Lean UX demands a high level of collaboration between:
Software engineering, product management, interaction design, visual design, content strategy, marketing, quality assurance.
This team create better solutions, because each problem is seen from many different points of view.
Small, dedicated, colocated
Keep your teams no more than 10 total core people. The benefit of small teams comes down to three words: communication, focus, and friendship.
Dedicated team to one project and having the team all in one place allows data sharing and more focus on project.
Self-sufficient and empowered
Give your teams all the capabilities they need to operate without external dependencies. Teams must be able to interact with customers directly in order to get the feedback they need to create effective solutions.
A problem-focused team is one that has been given a business problem to solve, as opposed to a set of features to implement. This is a team that has been organized around an outcome.
Benefit of this team:
- Shows trust in those team
- Ownership in the solutions
Moving from doubt to certainty
In Lean UX is everything is assumptions until we prove otherwise. As we work, by validating our assumption we are always moving from position of doubt to one of certaint
In the process, our learning lets us become more certain about our positions.
Outcomes, not output
A meaningful and measurable change in customer behaviour is an outcomes:
- Features and services are outputs.
- The goal they are meant to achieve are outcomes.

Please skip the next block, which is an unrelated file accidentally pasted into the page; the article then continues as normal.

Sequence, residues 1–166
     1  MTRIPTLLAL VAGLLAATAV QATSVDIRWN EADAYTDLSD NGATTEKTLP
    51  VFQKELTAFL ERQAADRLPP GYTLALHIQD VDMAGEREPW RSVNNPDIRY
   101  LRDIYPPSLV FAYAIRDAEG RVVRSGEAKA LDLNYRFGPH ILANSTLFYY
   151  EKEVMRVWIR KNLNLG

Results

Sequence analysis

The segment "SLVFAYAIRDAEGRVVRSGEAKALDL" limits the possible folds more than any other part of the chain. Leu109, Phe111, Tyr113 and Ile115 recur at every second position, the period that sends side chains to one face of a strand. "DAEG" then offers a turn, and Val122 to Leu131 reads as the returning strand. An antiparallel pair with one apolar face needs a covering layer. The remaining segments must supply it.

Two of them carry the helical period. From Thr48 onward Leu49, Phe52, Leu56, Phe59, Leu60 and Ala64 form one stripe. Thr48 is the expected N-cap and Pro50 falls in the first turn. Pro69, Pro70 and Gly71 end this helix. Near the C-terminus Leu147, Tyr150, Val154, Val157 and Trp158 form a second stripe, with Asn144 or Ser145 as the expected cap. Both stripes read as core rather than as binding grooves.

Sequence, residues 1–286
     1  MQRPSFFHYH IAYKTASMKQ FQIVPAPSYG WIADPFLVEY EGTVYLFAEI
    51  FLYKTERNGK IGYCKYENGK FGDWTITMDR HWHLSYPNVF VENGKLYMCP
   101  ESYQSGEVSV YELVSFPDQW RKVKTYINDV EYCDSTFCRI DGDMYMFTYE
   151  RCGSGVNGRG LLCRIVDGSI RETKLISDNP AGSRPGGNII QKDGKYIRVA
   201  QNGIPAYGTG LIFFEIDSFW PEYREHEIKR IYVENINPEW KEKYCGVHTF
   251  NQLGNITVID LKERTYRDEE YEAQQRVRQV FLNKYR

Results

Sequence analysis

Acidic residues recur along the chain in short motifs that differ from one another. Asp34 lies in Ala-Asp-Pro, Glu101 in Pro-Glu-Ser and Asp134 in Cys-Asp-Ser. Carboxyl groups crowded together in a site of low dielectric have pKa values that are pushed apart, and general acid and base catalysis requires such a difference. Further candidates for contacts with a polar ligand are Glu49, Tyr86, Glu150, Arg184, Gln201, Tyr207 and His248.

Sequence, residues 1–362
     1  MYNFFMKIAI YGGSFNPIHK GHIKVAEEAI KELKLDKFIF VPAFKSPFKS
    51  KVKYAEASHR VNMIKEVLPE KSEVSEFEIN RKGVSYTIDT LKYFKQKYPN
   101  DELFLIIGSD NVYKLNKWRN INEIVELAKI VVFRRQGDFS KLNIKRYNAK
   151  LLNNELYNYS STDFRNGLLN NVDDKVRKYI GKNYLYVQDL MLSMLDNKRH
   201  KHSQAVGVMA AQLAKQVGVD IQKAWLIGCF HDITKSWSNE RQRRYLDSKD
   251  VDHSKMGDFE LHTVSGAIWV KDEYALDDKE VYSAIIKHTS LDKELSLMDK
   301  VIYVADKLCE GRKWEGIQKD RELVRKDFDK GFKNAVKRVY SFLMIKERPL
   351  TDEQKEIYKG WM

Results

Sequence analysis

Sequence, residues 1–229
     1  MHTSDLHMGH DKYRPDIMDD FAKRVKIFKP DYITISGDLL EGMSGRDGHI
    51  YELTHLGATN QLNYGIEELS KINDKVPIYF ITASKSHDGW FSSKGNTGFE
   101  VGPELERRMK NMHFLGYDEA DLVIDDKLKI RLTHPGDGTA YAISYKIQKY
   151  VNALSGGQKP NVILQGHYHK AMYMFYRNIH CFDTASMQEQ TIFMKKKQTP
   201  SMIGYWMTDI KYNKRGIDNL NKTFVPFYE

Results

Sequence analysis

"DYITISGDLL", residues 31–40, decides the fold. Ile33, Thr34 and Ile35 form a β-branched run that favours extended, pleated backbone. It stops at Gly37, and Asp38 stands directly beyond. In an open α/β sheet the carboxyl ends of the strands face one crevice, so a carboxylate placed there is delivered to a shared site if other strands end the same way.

If a feature is not performing well, we can make an objective decision as to wether it shout be kept, changed or replaced.
The removal of anything that doesn’t lead to the ultimate goal because team resources are limited.
Focus on value creation and waste removal.
Shared understanding is the collective knowledge that builds up over time as the team works together and It is the currency of Lean UX.
No rock stars, gurus, or ninjas
Lean UX advocates a team-based mentality.
- Rather than focus on star performers, Lean UX seeks team cohesion and collaboration.
- Rock stars don’t share.
Team cohesion breaks down when you add who are determined to stand out and be stars.
When collaboration breaks down you lose the environment you need to create the shared understanding required to move forward effectively.
Permission to fail
Lean UX teams need to experiment ideas. Permission to fail means that the teams don’t fear for their jobs in which to experiment.
- Build a culture of experimentation to breeds creativity.
- It is from those risks that big ideas ultimately come.
Work in small batches to mitigate risk
By working in smaller units or batches, we can design and validate our decisions as we go, which reduces the risk of wasted work.
This means creating only the design that necessary to move the team forward.
The goal of continuous discovery during the design and development process is to understand both what the user is doing with your product and why they are doing it.
GOOB: the new user-centricity
Getting out of the building.
Better to test your ideas before you’ve spent time and resources building a product that no one wants.
Ultimately, the success or failure of your product isn’t the team’s decision — it’s the customer’s.
Externalizing your work
Externalizing means getting your work out of your head and out of your computer and into public view.
It allows all the members of the team — even the quiet ones — to participate in information sharing activities. Their sticky notes or whiteboard sketches are equally as loud as the most prominent person on the team.
Making over analysis
Lean UX values making over analysis.
There is more value in creating the first version of an idea than spending half a day debating its merits in a conference room.
Instead of analyzing potential scenarios, make something and get out of the building with it.
Getting out of the deliverables business
Documents don’t solve customer problems — good products do.
The team’s focus should be on learning which features have the biggest impact on its customers.
Gothelf, Jeff. Lean UX: Applying lean principles to improve user experience. “ O’Reilly Media, Inc.”, 2013.